Bacteria produce endospores normally at the senescence of their growth phase [12] [19] , mainly due to the unavailability of carbon and nitrogen sources [13] . Sporulation time and size of endospore and the rupturing of sporangial wall are important aspects to be considered, because δ-endotoxin production is concomitant with sporulation. In the present study, development of sporangia was seen even at 12 h (especially in flour supple- mented media), and rupturing of sporangia started in the natural flour supplemented samples from 24 h cultiva- tion onwards. In natural flour supplemented media, most of the spores were released at 48 h cultivation, but in LB control, similar trend was observed after 72 h cultivation. General trend was that Bt strains take 3 - 5 days for the maximum production of toxins under the normal culture conditions by SmF. However, Chestukhina et al. [20] showed that Bt produced copious amounts of spores and crystals at 48 h. The mature spores were eventually liberated by lysis of the mother cell (sporangia). The entire process of lysis takes place over a period of 6 - 7 h and requires the temporal regulation of more than 50 unique genes [20] .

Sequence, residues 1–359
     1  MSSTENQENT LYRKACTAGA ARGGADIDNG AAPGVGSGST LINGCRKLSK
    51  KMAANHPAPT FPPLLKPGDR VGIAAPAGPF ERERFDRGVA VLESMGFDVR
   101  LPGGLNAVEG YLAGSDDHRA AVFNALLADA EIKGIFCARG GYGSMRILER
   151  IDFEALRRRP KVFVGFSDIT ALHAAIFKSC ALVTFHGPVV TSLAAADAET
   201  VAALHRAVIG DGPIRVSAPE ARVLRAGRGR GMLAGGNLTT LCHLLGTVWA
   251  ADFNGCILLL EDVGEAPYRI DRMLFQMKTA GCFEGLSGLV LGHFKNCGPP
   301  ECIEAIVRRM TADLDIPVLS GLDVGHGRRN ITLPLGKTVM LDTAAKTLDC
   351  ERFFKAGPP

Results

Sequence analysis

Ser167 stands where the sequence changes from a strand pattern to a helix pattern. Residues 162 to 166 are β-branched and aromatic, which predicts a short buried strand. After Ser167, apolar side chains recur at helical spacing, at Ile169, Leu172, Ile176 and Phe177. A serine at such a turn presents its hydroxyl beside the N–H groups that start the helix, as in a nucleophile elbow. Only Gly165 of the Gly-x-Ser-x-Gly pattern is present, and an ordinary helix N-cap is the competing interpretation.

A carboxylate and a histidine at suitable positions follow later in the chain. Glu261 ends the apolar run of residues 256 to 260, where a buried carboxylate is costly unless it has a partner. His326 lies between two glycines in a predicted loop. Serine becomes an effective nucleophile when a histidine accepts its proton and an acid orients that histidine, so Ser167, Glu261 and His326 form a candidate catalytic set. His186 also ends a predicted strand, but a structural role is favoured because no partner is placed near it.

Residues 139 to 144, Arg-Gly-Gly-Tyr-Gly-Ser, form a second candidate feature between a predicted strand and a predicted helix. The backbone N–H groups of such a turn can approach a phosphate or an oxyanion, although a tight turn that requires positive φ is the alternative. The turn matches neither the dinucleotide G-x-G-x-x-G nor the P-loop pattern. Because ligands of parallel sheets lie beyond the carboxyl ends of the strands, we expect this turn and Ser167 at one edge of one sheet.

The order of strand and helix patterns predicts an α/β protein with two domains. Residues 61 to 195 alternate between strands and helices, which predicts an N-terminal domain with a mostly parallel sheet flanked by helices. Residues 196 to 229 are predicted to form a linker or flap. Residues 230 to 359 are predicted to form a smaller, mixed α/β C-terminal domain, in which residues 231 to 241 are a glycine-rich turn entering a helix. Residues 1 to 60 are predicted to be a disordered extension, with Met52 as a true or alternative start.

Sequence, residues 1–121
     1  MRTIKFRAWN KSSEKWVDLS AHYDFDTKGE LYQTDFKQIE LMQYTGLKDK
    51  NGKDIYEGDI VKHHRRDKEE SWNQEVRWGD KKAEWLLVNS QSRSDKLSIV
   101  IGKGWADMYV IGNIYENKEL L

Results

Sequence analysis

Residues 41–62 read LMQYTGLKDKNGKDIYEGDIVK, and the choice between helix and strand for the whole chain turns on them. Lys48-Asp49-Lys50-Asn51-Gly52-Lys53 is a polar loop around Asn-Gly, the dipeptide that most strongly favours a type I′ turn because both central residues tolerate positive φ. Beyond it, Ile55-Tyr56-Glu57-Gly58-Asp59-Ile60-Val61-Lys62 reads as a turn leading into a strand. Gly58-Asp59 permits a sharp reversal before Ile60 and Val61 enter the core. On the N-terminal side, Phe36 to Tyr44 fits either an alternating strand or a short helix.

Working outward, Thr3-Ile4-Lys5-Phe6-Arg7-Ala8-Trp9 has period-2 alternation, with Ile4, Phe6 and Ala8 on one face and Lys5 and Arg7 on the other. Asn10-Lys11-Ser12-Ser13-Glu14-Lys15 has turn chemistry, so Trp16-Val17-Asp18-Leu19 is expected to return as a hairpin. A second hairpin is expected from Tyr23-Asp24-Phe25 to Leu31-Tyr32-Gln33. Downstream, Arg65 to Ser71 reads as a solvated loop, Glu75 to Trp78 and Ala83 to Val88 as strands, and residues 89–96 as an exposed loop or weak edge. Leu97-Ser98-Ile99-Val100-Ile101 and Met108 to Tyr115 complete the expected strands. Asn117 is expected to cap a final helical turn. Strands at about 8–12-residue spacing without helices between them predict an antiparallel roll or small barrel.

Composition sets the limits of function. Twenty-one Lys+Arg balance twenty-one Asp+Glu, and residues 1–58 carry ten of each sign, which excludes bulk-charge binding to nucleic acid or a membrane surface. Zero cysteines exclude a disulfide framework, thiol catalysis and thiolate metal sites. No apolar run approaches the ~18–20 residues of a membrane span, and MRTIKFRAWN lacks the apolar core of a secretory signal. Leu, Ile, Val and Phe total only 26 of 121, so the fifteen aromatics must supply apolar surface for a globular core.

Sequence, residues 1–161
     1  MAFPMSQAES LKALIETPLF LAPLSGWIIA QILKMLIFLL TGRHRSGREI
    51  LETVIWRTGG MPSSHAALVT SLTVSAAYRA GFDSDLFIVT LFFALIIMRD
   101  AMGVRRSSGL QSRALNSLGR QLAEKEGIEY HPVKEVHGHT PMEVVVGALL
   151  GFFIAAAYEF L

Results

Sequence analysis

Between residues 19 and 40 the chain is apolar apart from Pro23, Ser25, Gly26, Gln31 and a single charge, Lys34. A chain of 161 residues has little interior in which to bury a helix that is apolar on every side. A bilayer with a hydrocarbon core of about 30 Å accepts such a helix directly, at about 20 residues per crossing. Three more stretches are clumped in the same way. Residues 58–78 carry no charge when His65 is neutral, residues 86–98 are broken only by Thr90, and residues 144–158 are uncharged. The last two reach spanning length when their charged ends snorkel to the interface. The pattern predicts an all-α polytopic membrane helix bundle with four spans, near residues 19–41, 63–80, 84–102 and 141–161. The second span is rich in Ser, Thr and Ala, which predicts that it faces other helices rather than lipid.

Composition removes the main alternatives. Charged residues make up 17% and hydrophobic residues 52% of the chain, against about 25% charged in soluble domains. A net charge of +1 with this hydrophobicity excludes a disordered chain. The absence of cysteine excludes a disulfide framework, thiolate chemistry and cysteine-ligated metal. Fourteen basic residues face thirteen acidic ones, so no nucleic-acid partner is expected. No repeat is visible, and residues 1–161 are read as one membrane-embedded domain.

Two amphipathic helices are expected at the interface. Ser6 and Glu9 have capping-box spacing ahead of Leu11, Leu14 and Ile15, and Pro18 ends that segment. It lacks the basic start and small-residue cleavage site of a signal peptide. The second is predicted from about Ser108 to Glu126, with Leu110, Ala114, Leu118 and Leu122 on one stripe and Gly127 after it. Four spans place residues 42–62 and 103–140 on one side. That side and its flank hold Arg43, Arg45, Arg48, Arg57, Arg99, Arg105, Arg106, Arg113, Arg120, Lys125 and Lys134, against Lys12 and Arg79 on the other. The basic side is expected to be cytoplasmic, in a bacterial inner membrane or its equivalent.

Since sporulation and germination in Bacilli are dependent on the nutritional status of the organism [21] , a study on the nutritional requirement of Bt is important for delineating the control mechanisms which regulates the formations of spore and parasporal crystal. Certain amino acids support growth, sporulation and crystal for- mations in Bt [21] . In the present study, soybean and Bengal gram flour supplemented media showed the highest number of spores with much enhanced size and shape. In this enriched media, sporulation starts at 12 h onwards, similar result was noticed in the industrially used medium TSB (Tryptocase Soy Broth) and in the sludge; the sludge achieved the highest number of spores was ISWWTP (industrial sludge waste water treatment plant) with 2.16 × 108 cfu/mL [22] . Variables like physical and chemical constitution, total solid concentration, available oxygen, initial volume of inoculum, or temperature are common to limit bacterial growth. In this batch fermen- tation, ideal parameters for Bt growth were used [23] - [26] .